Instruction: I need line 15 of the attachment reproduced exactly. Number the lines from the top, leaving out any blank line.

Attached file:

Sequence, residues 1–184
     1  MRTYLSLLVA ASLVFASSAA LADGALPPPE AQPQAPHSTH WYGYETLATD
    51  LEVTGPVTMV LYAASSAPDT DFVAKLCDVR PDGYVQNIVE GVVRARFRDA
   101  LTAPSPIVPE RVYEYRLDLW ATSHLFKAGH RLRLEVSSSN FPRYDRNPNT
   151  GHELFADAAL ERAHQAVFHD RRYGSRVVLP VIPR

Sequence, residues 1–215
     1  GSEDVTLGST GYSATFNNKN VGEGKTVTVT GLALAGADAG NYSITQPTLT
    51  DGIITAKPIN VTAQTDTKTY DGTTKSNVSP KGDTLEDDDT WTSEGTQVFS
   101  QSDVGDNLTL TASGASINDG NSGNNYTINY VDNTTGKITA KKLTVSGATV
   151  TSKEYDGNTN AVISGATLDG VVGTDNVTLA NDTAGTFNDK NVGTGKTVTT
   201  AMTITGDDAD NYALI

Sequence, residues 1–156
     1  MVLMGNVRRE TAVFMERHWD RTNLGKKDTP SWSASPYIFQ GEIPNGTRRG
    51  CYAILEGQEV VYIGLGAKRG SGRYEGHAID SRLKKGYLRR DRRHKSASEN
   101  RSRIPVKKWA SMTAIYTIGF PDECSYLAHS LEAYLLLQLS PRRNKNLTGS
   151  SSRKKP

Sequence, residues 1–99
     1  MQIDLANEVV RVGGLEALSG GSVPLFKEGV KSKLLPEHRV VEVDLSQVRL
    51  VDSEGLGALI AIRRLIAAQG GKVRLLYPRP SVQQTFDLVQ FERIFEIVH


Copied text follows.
   101  RSRIPVKKWA SMTAIYTIGF PDECSYLAHS LEAYLLLQLS PRRNKNLTGS